About Sprouting Lentils:
Sprouting is the practice of germinating seeds to be eaten raw or cooked. Sprouted foods are a convenient way to have fresh vegetables for salads, or otherwise, in any season and can be germinated at home or produced industrially. They are a prominent ingredient of the raw food diet and common in Eastern Asian cuisine. Sprouting is also applied on a large scale to barley as a part of the malting process. A potential downside to consuming raw sprouts is that the process of germinating seeds can also be conducive to harmful bacterial growth.
All viable seeds can be sprouted, but some sprouts should not be eaten raw. The most common food edible sprouts include:
- Pulses (legumes; pea family):
- oat, wheat, maize (corn), rice, barley, rye, kamut and then quinoa, amaranth and buckwheat (these last three are used as cereal even if botanically they are not) (In the case of rice, the husk of the paddy will be removed before sprouting. The brown rice is widely using for germination (GBR - Germinated Brown Rice)in Japan and other countries)
- Brassica (cabbage family)
- Other vegetables and herbs:
- spinach, lettuce, milk thistle, lemon grass
- Although whole oats can be sprouted, oat groats sold in food stores, which are dehulled and require steaming or roasting to prevent rancidity, will not sprout. Whole oats may have an indigestible hull which makes them difficult or even unfit for human consumption.All the sprouts of the solanaceae (tomato, potato, paprika, aubergine or eggplant) and rhubarb cannot be eaten as sprouts, either cooked or raw, as they can be poisonous.Some sprouts can be cooked to remove the toxin, while others cannot.With all seeds, care should be taken that they are intended for sprouting or human consumption rather than sowing. Seeds intended for sowing may be treated with chemical dressings. Several countries, such as New Zealand, also require that some varieties of imported edible seed be heat-treated, thus making them impossible to sprout.Quinoa in its natural state is very easy to sprout but when polished, or pre-cleaned of its saponin coating (becoming whiter), loses its power to germinate.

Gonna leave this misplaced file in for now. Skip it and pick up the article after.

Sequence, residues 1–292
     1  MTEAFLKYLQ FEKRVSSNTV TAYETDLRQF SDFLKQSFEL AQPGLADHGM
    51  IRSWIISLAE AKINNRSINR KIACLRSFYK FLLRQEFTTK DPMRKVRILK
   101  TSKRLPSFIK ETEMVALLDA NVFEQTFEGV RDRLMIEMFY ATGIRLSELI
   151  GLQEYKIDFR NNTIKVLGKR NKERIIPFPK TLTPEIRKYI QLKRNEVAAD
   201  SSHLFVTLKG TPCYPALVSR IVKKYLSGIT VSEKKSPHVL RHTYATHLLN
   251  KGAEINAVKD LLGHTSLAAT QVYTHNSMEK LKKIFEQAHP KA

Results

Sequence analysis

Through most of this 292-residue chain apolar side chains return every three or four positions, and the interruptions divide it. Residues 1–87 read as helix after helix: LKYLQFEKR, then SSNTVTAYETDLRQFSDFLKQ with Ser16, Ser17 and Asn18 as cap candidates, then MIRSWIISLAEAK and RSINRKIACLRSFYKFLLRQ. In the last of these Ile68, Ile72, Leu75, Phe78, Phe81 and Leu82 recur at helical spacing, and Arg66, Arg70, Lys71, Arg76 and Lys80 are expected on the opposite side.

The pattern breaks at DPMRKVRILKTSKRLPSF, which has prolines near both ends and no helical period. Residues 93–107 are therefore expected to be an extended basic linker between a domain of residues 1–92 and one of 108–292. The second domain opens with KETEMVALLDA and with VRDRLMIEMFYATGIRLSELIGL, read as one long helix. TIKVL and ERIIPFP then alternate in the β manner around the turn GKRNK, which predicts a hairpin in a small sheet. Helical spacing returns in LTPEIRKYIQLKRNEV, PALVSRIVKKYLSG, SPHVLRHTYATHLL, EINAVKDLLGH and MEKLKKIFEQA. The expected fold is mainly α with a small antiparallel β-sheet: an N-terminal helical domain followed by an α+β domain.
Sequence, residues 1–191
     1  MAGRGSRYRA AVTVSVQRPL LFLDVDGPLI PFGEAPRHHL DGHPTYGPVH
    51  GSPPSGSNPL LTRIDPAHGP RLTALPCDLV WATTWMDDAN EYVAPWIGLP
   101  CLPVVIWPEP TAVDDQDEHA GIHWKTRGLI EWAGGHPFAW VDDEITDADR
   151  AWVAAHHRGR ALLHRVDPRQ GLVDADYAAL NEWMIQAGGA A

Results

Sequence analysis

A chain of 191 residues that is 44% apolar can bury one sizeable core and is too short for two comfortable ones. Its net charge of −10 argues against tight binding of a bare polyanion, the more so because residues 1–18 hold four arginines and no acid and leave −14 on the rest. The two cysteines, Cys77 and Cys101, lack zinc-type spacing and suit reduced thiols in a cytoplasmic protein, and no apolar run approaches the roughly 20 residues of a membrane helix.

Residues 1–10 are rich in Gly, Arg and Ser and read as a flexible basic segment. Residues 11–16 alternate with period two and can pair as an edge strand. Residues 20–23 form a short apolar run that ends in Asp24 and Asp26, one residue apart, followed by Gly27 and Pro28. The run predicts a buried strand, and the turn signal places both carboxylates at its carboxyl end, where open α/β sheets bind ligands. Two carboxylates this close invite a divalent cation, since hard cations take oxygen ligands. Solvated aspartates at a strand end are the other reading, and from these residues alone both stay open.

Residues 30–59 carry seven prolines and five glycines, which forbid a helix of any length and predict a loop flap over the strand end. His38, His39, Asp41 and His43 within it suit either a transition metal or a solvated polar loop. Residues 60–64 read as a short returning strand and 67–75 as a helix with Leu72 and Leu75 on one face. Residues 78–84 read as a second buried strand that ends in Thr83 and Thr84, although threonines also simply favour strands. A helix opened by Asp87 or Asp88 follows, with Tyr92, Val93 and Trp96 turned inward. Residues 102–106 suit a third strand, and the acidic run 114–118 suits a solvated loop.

Whole Masoor Dal Sprouted- 1/4 Cup
Green Peas - 1/4 cup
Mustard Seeds - 1/4 tsp
Curry Leaf - 1 sprig
Onion - 1 small onion,diced finely
Tomato - 1 Big size , diced finely
Ginger Garlic Paste -1 tsp each.
Turmeric Pd - 1 tsp
Coriander Pd - 1/4 tsp
Roasted Cumin Pd - 1/4 tsp
Chilly Pd - 1/4 tsp
Dry Fenugreek Leaves - 1 tbsp,crushed
Dry Dil Leaves - 1 tbsp
Amchur / Dry Mango Pd - 1 tbsp
Lime Juice -1 tsp
Salt - as needed
Garam Masala - 1/4 tsp
Hing/Asafoetida - a pinch
Sprouting Masoor Dal:
1.Wash and Clean Whole Masoor Dal Thoroughly (You can use any other Dal/Lentils that u desire).
2.Soak in water for 30 min.Then Filter it .
3.Put the Dal in a muslin cloth and place it in a sieve and place it in the counter top ,sprinkle water occasionally to prevent it from getting dry
4.Check Next day for sprouting ,if it didn't sprout sprinkle some more water and mix and cover and keep it for one more day.It will sprout next day,Do this till all Lentils are sprouted.For me it took two days to sprout.
5.Place the Dal in pressure cooker and add 3/4 cup of water and a teaspoon of turmeric pd and a pinch of hing powder.
6.Add Green Peas also.
7.Pressure Cook for 3 whistles and wait till steam is released on its own then open cooker.Mix well and keep aside.
1.Take a pan and add oil.Add Mustard Seeds, Once they splutter add Onions,curry leaf and add turmeric pd and saute till onions are brown and crispy.
2.Add Ginger Garlic Paste and saute till the raw smell is gone.
3.Then add diced tomatoes and saute them very well till tomatoes and onions are completely mushed up.
5.Now add the Dal and green Peas to the masala and mix them.Then add Amchur pd and salt ,by doing a taste check.
6.Let them cook for 2 min.Finally Garnish with Coriander Leaves.
1.Cut onions and tomatoes very finely
2.Garnish with lot of coriander leaves while serving.